It was in 1935 that Saigal attained countrywide fame when he appeared in Saratchandra’s classic Devdas. He brought the writer’s desperate character to life with his portrayal of a drunk who mourns his lost love in a perpetual abyss of despair. His heart-rending strain, dukh ke ab din bitat nahin continues its appeal to the love-lorn even today. This was followed by a number of other hit films, the last one being Shahjahan with its memorable number Jab dil hi toot gaya, hum jee ke kya karenge.
It should be noted that Saigal’s non-film music, ghazals and other songs won for him even more lasting fame and prestige with the connoisseurs of music who seldom went to cinema.
Without any formal training in music, nor belonging to any gharana, Saigal stunned the great music maestros of his time with his instinctive understanding of the ragas, and his inimitable style and his golden voice which had a touch of the divine.
That Saigal himself was a poet is little known to his admirers and fans. The only recording of his poetry which he also composed himself is Main baithi thi phulwari mein, ik sakhi ah geyi aur boli. It is a remarkable devotional piece which reveals his spiritual leanings and sufiana approach to the philosophy of life. He believed that God is within us and without us and we are only sparks of the divine. He speaks about a devotee of Lord Krishna who is wandering everywhere in search of the Lord until aninner voice bids her to close her outer eyes and awaken the inner vision to see and realise His presence. The verse runs as follows:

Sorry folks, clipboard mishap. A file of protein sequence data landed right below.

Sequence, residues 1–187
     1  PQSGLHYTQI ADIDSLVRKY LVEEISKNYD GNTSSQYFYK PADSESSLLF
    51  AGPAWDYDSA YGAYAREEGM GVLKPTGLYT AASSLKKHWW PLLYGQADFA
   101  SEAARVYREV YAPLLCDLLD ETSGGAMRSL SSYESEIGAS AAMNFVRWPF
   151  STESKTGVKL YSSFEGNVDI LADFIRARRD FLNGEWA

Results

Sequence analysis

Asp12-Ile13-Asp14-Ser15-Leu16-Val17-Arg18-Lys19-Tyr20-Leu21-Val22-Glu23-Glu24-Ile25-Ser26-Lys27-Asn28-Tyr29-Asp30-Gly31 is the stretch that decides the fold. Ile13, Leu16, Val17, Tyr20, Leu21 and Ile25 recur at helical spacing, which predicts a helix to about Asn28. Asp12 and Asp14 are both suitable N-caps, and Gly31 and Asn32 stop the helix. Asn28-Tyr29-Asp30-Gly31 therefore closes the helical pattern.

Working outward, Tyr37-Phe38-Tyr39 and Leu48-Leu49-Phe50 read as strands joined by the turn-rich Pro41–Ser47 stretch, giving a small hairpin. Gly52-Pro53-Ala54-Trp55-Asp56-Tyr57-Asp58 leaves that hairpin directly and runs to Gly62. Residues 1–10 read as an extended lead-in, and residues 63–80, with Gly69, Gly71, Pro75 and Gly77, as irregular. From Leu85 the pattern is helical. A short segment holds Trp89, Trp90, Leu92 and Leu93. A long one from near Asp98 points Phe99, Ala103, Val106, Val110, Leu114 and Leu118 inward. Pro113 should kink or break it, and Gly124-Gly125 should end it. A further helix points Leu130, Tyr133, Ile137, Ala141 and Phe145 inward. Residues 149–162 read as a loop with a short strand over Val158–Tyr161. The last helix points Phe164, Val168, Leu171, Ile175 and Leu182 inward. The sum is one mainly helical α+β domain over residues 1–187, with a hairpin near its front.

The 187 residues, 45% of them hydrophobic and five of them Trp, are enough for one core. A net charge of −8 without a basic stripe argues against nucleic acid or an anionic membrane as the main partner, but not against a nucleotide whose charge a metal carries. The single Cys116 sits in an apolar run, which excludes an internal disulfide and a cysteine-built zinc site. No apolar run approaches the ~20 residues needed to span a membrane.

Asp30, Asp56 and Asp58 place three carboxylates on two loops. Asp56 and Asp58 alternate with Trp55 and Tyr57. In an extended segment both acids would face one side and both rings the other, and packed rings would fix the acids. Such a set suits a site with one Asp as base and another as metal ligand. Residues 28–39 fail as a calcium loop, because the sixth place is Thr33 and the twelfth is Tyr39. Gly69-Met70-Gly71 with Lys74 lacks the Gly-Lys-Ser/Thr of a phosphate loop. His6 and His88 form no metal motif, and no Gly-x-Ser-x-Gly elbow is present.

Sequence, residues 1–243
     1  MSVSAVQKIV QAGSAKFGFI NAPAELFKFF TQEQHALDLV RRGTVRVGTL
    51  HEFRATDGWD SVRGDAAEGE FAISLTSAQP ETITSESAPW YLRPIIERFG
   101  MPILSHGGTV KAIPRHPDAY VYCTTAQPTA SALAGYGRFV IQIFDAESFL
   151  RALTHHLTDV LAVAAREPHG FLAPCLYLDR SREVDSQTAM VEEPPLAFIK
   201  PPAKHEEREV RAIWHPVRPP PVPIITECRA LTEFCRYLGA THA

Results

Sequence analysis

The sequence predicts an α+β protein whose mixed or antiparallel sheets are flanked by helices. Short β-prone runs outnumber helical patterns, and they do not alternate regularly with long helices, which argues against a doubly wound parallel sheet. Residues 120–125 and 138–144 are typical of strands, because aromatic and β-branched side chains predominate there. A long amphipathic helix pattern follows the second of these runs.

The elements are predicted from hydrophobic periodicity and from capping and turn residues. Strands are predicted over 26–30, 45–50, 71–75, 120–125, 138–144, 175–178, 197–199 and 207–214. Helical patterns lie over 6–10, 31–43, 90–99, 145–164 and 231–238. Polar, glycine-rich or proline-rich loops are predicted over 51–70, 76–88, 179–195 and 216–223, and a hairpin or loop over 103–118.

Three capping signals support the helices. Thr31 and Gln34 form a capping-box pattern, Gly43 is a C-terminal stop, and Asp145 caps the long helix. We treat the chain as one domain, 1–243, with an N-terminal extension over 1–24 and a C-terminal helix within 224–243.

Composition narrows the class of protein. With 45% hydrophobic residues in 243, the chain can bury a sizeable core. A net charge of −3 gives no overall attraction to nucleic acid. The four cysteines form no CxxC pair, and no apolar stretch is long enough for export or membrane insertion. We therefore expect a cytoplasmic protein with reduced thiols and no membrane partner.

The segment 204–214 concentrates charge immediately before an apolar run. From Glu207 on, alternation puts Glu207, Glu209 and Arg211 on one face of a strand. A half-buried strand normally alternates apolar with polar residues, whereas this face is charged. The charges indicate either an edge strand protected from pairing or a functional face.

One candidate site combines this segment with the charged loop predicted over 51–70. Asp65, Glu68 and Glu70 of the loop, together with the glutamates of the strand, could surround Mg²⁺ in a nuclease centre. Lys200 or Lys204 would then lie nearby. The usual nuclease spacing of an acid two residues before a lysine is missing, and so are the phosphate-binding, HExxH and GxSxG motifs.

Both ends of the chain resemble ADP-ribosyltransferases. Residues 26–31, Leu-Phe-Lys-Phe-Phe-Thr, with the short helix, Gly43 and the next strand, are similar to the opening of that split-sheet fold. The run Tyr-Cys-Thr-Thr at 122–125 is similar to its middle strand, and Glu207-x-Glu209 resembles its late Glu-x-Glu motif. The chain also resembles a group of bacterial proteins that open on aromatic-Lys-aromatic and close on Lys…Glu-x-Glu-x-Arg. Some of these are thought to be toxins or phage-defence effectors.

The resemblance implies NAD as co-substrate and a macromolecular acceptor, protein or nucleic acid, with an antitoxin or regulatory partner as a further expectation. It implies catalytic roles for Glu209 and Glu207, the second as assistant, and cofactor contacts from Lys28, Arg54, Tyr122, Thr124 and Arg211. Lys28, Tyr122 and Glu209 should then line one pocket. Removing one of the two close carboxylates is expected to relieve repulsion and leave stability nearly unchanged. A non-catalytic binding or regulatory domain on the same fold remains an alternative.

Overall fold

Tab man ne mithi bat
This singular poetic work shows the spiritual side of Saigal’s personality.
He was humane to the core, sensitive, generous and modest. Totally lost in his art, he did not need any audience as he sang for himself. There was a magic in his voice and the way he sang, he gave fresh interpretation to each word and syllable, never repeating any line of the verse in the same tone and rhythm. He never sought any external inspiration. He was inspired from his inner self which was rich enough to arouse and urge him in his creative art.
Essentially a poet at heart, he succeeded in providing life-like images to his words. He married music to poetry. Many Urdu poets like Zauq, Seemab, Bedam, Arzu and Hasrat became known even to the non-Urdu knowing people through Saigal’s rendition of their poetry. The great Mirza Ghalib, however, remained Saigal’s most favourite Urdu poet. In fact, Saigal immortalised Ghalib by singing his verses with heart and soul and in his unique style. Many artists have sung Ghalib but none has been able to surpass Saigal so far.
Saigal identified himself with Ghalib. He realised the state of Ghalib’s mind and the depth of his feelings and emotions expressed in his verses. And Saigal sang them as if inspired by the divinity. Both Saigal and Ghalib were like sufi saints and in their art they found the most effective instrument for sublime communion with the ultimate.
Music was a passion with Saigal. It was his life and the voice of his soul. He sang for himself, as it provided him with a sense of elation and relief from worldly cares. He was an inspired soul, more like a sufi saint, and in music he found peace and harmony with the Divine.
All creative artists, poets, writers, painters, dancers and singers receive inspiration from the invisible or the cosmos as ‘Ghalib’ put it: Aaten hain gaib se ye, mazamin khyal mein, Ghalib sarire khama nawai, sarosh hai (These thoughts emanate from the heavens, oh Ghalib, your pen is only a scribe of the voice of the gods). And that was so true with Saigal as well.